Envisioning Reform: Conceptual and Practical Obstacles to Improving Judicial Performance in Latin America
Judicial reform became an important part of the agenda for development in Latin America early in the 1980s, when countries in the region started the process of democratization. Connections began to be made between judicial performance and market-based growth, and development specialists turned their attention to “second generation” institutional reforms. Although considerable progress has been made already in strengthening the judiciary and its supporting infrastructure (police, prosecutors, public defense counsel, the private bar, law schools, and the like), much remains to be done.
Linn Hammergren’s book aims to turn the spotlight on the problems in the movement toward judicial reform in Latin America over the past two decades and to suggest ways to keep the movement on track toward achieving its multiple, though often conflicting, goals. After Part I’s overview of the reform movement’s history since the 1980s, Part II examines five approaches that have been taken to judicial reform, tracing their intellectual origins, historical and strategic development, the roles of local and international participants, and their relative success in producing positive change. Part III builds on this evaluation of the five partial approaches by offering a synthetic critique aimed at showing how to turn approaches into strategies, how to ensure they are based on experiential knowledge, and how to unite separate lines of action.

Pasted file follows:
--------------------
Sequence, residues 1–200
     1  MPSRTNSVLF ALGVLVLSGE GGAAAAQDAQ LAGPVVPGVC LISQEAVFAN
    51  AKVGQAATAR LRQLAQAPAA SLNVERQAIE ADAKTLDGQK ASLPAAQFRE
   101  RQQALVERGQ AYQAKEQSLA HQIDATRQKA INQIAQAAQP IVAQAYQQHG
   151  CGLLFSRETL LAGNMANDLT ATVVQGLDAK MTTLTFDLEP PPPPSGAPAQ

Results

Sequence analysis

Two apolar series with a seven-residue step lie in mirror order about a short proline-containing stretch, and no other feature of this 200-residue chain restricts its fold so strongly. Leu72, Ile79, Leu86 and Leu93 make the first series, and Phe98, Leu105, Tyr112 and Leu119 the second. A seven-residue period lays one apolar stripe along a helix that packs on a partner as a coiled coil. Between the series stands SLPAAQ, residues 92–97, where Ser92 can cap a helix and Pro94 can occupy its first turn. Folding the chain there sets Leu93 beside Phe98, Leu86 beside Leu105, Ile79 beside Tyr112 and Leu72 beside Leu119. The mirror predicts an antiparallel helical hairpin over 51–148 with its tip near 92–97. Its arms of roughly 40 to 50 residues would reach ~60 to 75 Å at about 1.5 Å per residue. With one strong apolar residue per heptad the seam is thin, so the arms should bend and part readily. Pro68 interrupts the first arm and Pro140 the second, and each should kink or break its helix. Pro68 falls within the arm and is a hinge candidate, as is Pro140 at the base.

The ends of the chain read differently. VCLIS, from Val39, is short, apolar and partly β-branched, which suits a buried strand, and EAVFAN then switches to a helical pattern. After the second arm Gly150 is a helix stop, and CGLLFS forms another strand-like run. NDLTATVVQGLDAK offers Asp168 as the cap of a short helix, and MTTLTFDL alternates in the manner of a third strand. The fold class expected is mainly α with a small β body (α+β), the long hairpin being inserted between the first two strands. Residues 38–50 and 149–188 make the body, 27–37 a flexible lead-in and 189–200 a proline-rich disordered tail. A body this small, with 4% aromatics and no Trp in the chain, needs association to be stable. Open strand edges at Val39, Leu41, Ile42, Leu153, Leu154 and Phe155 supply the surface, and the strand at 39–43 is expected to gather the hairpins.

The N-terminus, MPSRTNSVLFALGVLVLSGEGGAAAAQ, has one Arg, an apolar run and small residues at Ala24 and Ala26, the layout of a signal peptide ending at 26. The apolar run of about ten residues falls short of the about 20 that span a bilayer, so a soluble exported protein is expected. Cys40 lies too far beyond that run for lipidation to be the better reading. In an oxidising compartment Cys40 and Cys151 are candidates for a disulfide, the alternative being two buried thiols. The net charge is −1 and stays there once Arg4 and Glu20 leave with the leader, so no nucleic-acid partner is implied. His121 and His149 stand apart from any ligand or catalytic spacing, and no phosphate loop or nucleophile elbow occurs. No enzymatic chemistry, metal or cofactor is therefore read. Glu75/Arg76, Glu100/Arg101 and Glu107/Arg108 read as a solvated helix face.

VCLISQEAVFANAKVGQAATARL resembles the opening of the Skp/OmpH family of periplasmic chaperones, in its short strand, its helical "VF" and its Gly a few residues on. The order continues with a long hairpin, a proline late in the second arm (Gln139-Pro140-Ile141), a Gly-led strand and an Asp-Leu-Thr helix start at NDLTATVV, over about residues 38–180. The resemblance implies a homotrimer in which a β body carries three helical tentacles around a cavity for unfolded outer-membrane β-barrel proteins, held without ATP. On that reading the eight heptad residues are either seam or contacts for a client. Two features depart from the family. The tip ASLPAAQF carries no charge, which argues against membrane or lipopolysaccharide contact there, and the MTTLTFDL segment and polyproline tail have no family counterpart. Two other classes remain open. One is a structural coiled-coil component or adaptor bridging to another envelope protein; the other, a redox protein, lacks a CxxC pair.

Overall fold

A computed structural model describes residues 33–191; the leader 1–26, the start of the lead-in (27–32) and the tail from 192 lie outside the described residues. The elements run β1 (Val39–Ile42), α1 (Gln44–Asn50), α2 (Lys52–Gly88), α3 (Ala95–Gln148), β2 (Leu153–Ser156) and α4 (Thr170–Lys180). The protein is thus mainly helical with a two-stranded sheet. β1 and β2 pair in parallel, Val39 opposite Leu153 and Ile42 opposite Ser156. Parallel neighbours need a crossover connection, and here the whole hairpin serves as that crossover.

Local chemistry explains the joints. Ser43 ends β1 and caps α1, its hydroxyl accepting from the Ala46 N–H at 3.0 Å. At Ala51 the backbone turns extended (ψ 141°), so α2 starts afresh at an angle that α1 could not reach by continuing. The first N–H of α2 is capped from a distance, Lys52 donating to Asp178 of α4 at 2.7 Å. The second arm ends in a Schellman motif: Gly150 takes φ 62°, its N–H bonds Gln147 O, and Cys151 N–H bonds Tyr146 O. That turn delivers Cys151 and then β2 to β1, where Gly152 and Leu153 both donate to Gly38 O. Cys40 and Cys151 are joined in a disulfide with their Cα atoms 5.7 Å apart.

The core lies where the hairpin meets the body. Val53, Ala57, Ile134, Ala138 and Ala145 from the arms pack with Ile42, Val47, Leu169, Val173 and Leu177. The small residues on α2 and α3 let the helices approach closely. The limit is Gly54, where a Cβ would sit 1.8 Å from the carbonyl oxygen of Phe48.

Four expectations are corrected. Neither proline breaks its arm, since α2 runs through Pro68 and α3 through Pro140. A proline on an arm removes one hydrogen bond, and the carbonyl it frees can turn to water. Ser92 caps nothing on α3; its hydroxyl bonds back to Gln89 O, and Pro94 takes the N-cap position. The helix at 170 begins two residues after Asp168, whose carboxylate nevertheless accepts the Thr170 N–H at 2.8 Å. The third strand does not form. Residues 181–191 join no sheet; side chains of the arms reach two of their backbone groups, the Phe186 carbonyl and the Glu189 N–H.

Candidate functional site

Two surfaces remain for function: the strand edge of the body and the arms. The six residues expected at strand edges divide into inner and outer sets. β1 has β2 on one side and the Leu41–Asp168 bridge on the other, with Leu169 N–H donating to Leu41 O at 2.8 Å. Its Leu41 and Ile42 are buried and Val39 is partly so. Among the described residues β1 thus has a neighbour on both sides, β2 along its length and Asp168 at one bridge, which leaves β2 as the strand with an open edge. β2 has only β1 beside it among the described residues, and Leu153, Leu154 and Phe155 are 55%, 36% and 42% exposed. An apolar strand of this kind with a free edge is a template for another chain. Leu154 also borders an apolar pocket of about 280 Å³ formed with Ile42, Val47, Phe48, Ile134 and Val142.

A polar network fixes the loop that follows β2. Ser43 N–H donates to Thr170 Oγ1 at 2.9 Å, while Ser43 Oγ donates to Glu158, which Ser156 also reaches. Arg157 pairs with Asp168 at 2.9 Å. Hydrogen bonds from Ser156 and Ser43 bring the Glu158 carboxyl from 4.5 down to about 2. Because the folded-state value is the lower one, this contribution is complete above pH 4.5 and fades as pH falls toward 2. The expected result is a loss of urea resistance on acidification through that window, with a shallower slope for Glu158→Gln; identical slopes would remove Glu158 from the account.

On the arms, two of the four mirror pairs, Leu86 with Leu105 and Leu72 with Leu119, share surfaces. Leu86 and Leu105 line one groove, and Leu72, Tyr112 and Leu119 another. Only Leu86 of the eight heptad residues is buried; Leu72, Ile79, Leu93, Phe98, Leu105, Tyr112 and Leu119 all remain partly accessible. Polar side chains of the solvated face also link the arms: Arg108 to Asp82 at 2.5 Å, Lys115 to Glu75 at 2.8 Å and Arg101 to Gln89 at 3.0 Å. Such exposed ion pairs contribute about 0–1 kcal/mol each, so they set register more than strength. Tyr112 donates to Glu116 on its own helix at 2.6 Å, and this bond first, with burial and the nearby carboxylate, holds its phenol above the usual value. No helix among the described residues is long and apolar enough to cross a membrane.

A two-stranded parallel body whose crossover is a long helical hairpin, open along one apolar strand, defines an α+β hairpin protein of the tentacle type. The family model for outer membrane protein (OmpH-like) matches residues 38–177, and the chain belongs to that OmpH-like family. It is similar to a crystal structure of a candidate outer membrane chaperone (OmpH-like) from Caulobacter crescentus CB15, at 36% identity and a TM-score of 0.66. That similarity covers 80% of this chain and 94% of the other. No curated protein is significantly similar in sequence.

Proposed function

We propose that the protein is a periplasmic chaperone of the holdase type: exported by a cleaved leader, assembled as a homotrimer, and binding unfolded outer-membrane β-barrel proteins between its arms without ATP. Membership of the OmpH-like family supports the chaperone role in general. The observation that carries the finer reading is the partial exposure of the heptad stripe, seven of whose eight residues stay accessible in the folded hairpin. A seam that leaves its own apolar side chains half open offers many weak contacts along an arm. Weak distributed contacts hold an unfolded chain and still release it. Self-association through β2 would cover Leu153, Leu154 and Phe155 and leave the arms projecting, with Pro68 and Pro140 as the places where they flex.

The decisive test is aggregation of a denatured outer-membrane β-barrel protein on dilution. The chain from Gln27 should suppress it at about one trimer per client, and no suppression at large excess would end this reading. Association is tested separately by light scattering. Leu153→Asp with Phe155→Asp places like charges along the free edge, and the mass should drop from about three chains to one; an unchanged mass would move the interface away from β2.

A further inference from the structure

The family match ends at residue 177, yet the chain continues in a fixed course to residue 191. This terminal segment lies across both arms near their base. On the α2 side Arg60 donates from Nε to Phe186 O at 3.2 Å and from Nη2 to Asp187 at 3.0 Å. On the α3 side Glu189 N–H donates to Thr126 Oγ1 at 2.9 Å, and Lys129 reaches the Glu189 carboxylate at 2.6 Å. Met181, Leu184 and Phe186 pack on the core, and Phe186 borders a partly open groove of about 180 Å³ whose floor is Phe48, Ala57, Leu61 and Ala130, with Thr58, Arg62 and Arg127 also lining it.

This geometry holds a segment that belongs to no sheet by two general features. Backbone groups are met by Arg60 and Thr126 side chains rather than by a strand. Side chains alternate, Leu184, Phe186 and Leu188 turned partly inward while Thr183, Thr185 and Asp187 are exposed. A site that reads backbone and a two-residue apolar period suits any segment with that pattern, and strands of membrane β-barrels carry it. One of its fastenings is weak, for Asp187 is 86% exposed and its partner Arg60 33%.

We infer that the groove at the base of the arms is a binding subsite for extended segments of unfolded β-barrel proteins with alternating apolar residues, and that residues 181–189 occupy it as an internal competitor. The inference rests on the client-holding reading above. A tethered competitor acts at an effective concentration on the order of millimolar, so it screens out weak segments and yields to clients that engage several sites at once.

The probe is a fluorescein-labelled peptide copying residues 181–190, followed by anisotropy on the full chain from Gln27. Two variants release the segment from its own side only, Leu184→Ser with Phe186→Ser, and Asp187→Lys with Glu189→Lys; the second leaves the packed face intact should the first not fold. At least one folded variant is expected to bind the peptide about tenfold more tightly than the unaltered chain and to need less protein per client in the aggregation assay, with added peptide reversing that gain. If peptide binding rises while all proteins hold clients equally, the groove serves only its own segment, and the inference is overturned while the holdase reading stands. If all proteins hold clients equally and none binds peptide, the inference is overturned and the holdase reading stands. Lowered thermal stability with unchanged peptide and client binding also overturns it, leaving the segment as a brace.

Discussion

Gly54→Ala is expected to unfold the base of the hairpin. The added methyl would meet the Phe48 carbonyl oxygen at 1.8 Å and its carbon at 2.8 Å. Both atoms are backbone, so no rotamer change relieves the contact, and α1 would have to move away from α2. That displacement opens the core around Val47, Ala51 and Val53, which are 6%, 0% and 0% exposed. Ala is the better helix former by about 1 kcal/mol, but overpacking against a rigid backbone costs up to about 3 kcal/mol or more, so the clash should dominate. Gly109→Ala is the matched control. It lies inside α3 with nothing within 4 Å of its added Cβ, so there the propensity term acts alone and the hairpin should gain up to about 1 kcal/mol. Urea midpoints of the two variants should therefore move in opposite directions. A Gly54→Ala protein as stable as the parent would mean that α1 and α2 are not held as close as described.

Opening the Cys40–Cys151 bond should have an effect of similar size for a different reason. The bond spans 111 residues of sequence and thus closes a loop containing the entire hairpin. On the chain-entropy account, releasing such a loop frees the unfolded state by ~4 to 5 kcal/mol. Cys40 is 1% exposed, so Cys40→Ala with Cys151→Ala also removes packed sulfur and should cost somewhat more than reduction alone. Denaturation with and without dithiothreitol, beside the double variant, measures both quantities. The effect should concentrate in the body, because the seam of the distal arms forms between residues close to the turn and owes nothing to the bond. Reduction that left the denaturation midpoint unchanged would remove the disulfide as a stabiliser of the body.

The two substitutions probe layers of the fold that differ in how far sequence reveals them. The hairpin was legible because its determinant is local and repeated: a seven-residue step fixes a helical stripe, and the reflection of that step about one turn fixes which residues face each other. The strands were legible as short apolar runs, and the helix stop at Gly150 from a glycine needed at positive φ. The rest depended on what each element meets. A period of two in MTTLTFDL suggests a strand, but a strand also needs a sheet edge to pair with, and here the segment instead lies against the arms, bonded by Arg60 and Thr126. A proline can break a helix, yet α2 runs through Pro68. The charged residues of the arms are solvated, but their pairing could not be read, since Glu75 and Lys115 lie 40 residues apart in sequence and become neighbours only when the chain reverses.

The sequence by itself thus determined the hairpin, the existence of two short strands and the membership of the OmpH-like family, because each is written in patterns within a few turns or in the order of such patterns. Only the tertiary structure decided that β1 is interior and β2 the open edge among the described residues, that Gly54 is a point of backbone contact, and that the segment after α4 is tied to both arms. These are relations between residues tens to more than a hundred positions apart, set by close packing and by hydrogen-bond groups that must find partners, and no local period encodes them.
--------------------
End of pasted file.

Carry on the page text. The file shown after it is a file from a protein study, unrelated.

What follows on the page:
Results 1-5 of 77
More than twenty years into the process, the initial simplicity appears disingenuous. On the one hand, the justifications for the reforms have become more complex. Reform is no longer a question of making an institution of government ...
Although individual reforms often mix and match several objectives and activities, and a few appear in virtually every large program, a case can be made for the gradual emergence of a series of reforms or reform strategies.8 Each of ...
whom?21 As we will see, even those pursuing an apparently similar end often appear to answer those basic questions quite differently. They also are quite capable of ignoring the other elements of the short list.
In some cases, progress here would appear to conflict with efforts to promote adr or to provide special or small claims courts for the rural poor. A second area also receiving more attention in recent years is that of constitutional and ...
... appear. See Frydman et al. (1996), Gupta et al. (2002), Hendley et al. (1999), Kryshtalowych and Smith (2000), Ramasastry et al. (2000), Sachs and Pistor (1997), Schwartz (2000), Smith (1996), Solomon (2004). 59.
What people are saying - Write a review
Problems and Remedies
Other editions - View all
Envisioning Reform: Improving Judicial Performance in Latin America
Limited preview - 2010